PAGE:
The dish du jour was Filet de Bar a l’Unilateral, Navet en Croûte de Sel, Choux Fleur en Pickle avec Yaourt Mentholé. Crisp sea bass with salt-crust turnip, endive, pickled cauliflower and a mint yogurt sphere. Actually, I think this might be the first crispy fish skin we’ve done. Blimey! This is actually an exam dish. If I’d have started at Le Cordon Bleu in the Autumn it would’ve been my exam dish rather than the stuffed saddle of rabbit.
This was fun because I got to make a salt crust and try out spherification.
Time for science. Woot!
Alginate powder was mixed with maltodextrin. Alginate is a molecule found in seaweed. It’s a gum because it has the ability to thicken or gel water. Unlike gelatine or starch, alginate gels a water-based liquid only in the presence of ions such as calcium. The alginate had to be evenly dispersed in cold water with no lumps, and hydrated so that each molecule was surrounded by water. This was done by whizzing water with a hand blender while adding the powders. Inevitably I got lumps. Not a good start. In the demo chef said we had to use distilled water so there wasn't too much calcium in the mix. When I went to collect my distilled water there wasn’t enough. We had a different chef in the practical. He brushed it off and said, “use tap water”. Hmmm. I was sceptical about my mix at this point. Anyway, once I finally vanquished the damn lumps the gel went in the fridge to rest.
Fish prep done. Skin scored parallel to the end of the fillet. Tip—gently pinch the top and bottom of the fillet to push the middle meat up into a ridge, then score the ridge with a knife.
The salt crust was made with flour, salt, egg white and a spice mix called Vadouvan. It was a particularly sticky job caking the turnip. In the oven with you. The crust should have a good brown colour by the time it comes out of the oven. And bear in mind, once it’s out of the oven, whatever’s inside will continue cooking and absorbing salt as long as it’s in the crust. That usually means breaking it out pretty quickly. Salt crust sets like concrete and it’s hot. Like really, really hot, which means freeing the vegetable to a serenade of “oohs” and “ahhs”, and the occasional “hot hot hot”.
The smallest cauliflower florets were dropped into a pickling liquor with Vadouvan.
Yogurt was stirred with double cream, a very fine chiffonade of mint leaves, and just a little sugar, salt and pepper. This was reserved for spherification fun later.
There was quite a lot going on in this dish vegetable-wise. Seems strange for a French dish. The white end of a leek was cut into 2cm rings. One end was blackened in a cast iron pan with smoking oil before clarified butter was added to confit the blighters. Trompette mushrooms which had been hydrating in water were drained, dried and shredded before being crisped up in beurre noisette. Endive leaves were gently cooked and rolled in butter and sugar until they took on a bit of colour. Chef said mine looked unevenly cooked. Boo. The turnip was quartered and then turned, which basically required a bevel around the curved edges. The quarters were glazed in honey and lemon juice reduced to a syrup. Chef said my turnips needed more glazing. Oo-err matron!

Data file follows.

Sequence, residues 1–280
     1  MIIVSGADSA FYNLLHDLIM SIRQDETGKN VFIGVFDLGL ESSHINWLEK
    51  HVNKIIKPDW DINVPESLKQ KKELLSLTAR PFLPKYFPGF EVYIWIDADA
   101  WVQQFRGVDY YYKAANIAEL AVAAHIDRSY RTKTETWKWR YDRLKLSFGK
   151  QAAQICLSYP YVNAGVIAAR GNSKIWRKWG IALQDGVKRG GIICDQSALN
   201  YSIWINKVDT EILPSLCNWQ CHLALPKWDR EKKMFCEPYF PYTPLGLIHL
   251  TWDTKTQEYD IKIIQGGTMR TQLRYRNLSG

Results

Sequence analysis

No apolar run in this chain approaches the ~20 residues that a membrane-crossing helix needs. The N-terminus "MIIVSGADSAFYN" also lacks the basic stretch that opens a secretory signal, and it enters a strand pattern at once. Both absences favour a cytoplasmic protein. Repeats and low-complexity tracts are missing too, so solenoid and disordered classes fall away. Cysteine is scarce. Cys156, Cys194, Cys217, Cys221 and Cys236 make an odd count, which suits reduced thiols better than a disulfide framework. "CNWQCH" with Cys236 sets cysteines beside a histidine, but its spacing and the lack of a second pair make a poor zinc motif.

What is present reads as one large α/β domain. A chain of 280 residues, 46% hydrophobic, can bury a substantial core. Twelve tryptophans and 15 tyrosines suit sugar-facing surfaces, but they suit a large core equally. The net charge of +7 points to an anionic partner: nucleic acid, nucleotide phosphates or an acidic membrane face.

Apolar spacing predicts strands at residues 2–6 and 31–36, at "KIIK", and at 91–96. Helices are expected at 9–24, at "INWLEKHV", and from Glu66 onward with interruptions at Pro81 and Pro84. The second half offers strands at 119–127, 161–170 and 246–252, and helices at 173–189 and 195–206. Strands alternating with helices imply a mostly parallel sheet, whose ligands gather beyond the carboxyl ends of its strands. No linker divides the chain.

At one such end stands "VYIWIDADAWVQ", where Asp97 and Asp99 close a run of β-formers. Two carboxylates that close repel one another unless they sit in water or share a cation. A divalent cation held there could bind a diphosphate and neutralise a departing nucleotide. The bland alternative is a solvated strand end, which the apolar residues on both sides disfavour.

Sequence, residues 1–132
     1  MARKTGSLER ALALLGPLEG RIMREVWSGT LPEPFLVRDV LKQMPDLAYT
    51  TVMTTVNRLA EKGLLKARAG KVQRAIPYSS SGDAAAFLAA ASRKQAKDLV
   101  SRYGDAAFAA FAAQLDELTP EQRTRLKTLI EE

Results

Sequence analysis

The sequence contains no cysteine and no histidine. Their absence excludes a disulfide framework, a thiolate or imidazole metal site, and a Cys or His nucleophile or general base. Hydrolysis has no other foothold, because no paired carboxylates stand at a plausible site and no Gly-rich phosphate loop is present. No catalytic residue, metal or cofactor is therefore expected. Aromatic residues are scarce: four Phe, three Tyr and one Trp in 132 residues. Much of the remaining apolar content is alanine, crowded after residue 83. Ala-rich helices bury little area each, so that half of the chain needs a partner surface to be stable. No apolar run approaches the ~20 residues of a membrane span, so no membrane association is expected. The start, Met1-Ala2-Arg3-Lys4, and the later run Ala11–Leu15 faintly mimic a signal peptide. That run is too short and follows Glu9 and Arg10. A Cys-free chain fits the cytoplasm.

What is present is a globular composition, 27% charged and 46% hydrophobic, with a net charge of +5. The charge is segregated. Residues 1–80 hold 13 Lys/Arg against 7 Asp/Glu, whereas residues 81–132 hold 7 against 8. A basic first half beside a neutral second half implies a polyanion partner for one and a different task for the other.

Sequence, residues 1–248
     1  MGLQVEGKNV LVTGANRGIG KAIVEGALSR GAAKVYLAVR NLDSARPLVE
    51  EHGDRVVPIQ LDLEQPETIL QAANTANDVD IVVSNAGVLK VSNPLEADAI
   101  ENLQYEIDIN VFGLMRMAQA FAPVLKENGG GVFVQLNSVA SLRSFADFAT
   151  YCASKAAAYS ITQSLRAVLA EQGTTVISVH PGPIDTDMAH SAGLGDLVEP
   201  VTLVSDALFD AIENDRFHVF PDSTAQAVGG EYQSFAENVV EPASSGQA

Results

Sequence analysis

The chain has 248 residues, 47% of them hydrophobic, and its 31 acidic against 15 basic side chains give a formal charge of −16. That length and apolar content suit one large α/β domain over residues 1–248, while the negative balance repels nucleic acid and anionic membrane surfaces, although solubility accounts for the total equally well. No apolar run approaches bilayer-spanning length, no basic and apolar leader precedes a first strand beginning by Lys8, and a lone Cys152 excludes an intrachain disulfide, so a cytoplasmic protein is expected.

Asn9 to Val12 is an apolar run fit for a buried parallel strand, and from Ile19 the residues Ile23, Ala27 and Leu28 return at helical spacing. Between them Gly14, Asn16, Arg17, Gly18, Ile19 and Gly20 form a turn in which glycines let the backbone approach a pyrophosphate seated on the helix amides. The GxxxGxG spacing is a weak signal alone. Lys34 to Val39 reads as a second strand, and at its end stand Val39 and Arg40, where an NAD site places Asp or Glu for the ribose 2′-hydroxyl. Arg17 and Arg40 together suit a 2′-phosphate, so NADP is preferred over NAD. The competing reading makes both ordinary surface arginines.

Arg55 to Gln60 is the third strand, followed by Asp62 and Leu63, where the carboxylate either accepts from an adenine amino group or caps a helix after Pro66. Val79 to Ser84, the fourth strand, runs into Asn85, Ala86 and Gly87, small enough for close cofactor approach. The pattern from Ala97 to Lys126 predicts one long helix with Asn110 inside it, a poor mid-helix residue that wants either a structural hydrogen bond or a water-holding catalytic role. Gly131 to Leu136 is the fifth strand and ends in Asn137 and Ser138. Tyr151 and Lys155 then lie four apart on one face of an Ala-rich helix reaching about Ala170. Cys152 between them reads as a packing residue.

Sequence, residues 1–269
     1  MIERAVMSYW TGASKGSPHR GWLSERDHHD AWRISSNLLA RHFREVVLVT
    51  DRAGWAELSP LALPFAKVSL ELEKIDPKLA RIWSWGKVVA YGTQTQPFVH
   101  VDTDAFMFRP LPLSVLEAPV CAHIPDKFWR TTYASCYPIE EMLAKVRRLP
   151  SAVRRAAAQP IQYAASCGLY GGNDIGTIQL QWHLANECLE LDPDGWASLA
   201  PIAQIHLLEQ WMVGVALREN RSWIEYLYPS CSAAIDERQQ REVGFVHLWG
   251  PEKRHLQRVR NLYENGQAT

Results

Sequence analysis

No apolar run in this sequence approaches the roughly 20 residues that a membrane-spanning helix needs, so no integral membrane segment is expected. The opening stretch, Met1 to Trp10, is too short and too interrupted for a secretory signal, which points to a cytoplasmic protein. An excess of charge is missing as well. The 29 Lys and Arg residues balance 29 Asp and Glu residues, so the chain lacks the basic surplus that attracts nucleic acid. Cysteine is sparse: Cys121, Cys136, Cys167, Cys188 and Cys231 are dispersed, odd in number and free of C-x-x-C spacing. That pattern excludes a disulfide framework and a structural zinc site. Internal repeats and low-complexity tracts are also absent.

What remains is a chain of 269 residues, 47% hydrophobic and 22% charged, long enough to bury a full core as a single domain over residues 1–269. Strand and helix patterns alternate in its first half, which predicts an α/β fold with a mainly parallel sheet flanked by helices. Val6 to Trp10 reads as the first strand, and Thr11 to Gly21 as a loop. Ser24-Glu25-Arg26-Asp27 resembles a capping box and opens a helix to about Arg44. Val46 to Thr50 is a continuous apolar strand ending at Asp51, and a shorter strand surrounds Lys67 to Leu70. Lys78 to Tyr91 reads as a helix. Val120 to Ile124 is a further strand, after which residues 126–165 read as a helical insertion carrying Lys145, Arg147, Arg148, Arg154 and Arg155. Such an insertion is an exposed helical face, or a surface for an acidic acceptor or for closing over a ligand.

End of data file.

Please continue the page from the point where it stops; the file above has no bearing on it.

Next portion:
The sea bass fillets were cooked skin-side down on a cartouche—a piece of baking sheet in the pan to stop the skin sticking. This technique annoyed the chef giving the demonstration because a cartouche would never be used in restaurant kitchens. There’s no time. Imagine the order coming in and you reply, “hold on a second chef, I just have to make a cartouche.” Sea bass is one of those fish that curls when it hits the heat so it’s important to apply a bit of pressure to keep it flat. This was only necessary for 10 seconds or so. When you want crispy skin, leave the fish alone. No poking, pushing or checking underneath. If it sticks, don’t panic. It should. When it’s crispy it should release itself. What’s key is not to have the pan so hot that the skin burns before crisping and unsticking itself.
The fish was cooked on one side only. The flesh side was basted a couple of times with melted butter, the fillets quickly turned over, doused with a squeeze of lemon juice and removed from the pan. Turns out I basted a bit too much. Though I had lovely crispy skin I had overcooked the fillets. Bugger it.
The final act was spherification. This is where it all went hilariously wrong. It was like one of those Generation Game activities involving food with Larry Grayson. You just know it’s going to get messy. My spherification was an absolute flop. My quenelle of yogurt was slop—quite literally. Chef said the quenelle only needs to be suspended in the gel for a couple of minutes. The longer it’s submerged, the more it sets. 2 minutes, my arse! My second quenelle had 5 minutes. Better but no cigar. My last quenelle had 8 minutes and I really had to serve. Nope. Fail. Trying to get a spoonful of gloop perched atop my beautiful leek confit, well….sigh.
Was something wrong with my gel because I had lumps and used tap water? Dunno. Afterwards, the chef in the practical said to rocher the yogurt rather than quenelle it. I was wondering at the time, looking at my yogurt, whether the spoon-over-spoon action to quenelle was warming up the yogurt. Anyway, some Christmases ago Roberta bought me a spherification kit. Time to try it at home.
Best part of the dish? The trompettes, without a doubt. Like that crispy seaweed you get from the Chinese takeaway but mushroomy. Lovely.
Not my best day in the kitchen. And I forgot to take a photo of my plate.